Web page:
Subject: Different species of bugs aggregated?
Location: Rome, Italy
October 23, 2015 11:56 am
my dad found this aggregation of bugs in Rome and took a picture. He then sent it to me since I am studying zoology and I started doing some researches about it. By reading your website, I found out that the situation we are looking at is immature bugs, forming aggregation. However that post was about Harlequine bugs, individually coloured of both colours black and red. While in my picture some bugs are red with black stains, while other, in the same aggregation, are entirely black.
Therefore I was wondering, are they different species? Or maybe black ones are younger and still did not develop the red colouration?
Hope you can give me some answer 🙂
Thank you very much!
Signature: Costanza

Ebony Bug Aggregation

Ebony Bug Aggregation

Dear Costanza,
We believe this is an aggregation of Ebony Bugs in the family Thyreocoridae, and that the red individuals are the immature ones.  British Bugs has images of one species.  Also pictured on British Bugs is the Burrowing Bug,
Canthophorus impressus, in the family Cydnidae.  Alas, there is not enough detail in your image to be certain.

Subject: beetle in New Brunswick
Location: Fredericton, New Brunswick, Canada
July 11, 2014 5:41 am
HI. We saw this yesterday. They are mostly black but there are a few with red markings underneath. I couldn’t tell if they were preying on the red marked ones or if they were all feeding on the same thing.
I don’t often see such large groups of beetles, except on my cucumber plants!
Signature: Jess

Aggregation of White Margined Burrowing Bugs

Aggregation of White Margined Burrowing Bugs

Hi Jess,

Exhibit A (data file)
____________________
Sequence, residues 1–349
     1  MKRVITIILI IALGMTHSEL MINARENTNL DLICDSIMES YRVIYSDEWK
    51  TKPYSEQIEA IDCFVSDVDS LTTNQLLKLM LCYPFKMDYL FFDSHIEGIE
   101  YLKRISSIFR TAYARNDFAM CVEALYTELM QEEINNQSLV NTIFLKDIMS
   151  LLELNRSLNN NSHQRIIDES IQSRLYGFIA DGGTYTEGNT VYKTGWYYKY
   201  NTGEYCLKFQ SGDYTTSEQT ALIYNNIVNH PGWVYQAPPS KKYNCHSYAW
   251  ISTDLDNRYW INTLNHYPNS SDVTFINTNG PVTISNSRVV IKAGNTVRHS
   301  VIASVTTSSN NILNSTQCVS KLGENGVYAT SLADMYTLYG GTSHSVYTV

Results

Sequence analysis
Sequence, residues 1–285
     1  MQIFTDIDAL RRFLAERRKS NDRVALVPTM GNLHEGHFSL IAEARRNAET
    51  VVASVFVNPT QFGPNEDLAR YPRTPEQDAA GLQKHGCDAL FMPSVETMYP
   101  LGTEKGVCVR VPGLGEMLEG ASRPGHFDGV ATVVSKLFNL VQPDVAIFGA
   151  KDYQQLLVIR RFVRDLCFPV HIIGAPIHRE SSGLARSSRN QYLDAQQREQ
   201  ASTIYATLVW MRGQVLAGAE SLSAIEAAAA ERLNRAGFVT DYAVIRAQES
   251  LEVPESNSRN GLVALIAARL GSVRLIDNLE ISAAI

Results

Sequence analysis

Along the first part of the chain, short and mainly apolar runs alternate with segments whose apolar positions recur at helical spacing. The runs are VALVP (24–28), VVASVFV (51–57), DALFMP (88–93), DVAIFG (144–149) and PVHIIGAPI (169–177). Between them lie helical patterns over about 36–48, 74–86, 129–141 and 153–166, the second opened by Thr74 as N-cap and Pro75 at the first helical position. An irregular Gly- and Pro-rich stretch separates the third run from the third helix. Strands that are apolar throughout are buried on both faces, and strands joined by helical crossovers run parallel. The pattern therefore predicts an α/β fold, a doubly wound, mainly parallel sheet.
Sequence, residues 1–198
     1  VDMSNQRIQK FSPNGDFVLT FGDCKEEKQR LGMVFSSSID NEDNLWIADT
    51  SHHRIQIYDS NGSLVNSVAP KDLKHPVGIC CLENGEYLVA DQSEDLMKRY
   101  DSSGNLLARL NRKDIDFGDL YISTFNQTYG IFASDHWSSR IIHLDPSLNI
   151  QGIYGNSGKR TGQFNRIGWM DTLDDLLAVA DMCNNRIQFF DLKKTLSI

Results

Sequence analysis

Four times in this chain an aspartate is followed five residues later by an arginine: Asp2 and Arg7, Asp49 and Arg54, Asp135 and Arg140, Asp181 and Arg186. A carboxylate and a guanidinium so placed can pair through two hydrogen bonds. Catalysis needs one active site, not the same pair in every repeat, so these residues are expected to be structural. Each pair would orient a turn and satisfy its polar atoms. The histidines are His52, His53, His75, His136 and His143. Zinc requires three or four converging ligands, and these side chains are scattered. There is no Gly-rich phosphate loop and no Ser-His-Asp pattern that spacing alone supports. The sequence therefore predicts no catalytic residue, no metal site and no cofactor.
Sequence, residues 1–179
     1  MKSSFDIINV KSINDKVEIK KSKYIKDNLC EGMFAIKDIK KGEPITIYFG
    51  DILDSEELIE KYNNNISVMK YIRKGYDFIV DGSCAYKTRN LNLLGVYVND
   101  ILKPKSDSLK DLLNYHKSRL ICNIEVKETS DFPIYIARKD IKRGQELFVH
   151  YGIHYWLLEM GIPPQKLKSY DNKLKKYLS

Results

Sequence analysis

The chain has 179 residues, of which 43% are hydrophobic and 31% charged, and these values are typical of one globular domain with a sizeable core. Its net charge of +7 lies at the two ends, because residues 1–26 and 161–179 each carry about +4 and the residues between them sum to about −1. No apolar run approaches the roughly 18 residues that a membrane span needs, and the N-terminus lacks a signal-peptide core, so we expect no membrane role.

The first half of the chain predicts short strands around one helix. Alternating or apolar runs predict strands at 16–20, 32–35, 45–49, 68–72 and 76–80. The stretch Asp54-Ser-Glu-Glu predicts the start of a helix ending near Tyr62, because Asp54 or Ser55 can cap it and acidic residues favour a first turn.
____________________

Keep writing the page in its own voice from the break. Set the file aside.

Based on this image we located on BugGuide, we believe this is an aggregation of White Margined Burrowing Bugs,
Sehirus cinctus, but interestingly, there are only images of individuals on BugGuide.

White Margined Burrowing Bugs

White Margined Burrowing Bugs

Subject: what is it?
Location: Jersey City, NJ 07306
July 28, 2012 6:03 pm
Signature: Hector

Ebony Bug

Hi Hector,
Formerly known as a Negro Bug, the more politically correct Ebony Bug has become the more accepted common name for insects in the family Thyreocoridae.  They are also sometimes simply called Black Bugs.  According to BugGuide, they are:  “Shiny black, broad oval, convex shape. Tibiae have no spines or slender ones. Large scutellum covers most of abdomen and wings. Look like beetles but have 5-segmented antennae and 4-segmented beak.”  BugGuide also notes:  “Common on flowers and other vegetation” and they will not harmful to your home.

Correction:  July 24, 2017
Upon posting a new image of what we believe to be an immature Burrowing Bug, we are rethinking this old posting and we now believe, based on this BugGuide image, that this too is an immature Burrowing Bug.  The BugGuide  description is “body usually ovoid, heavily sclerotized, dark, legs often spiny.”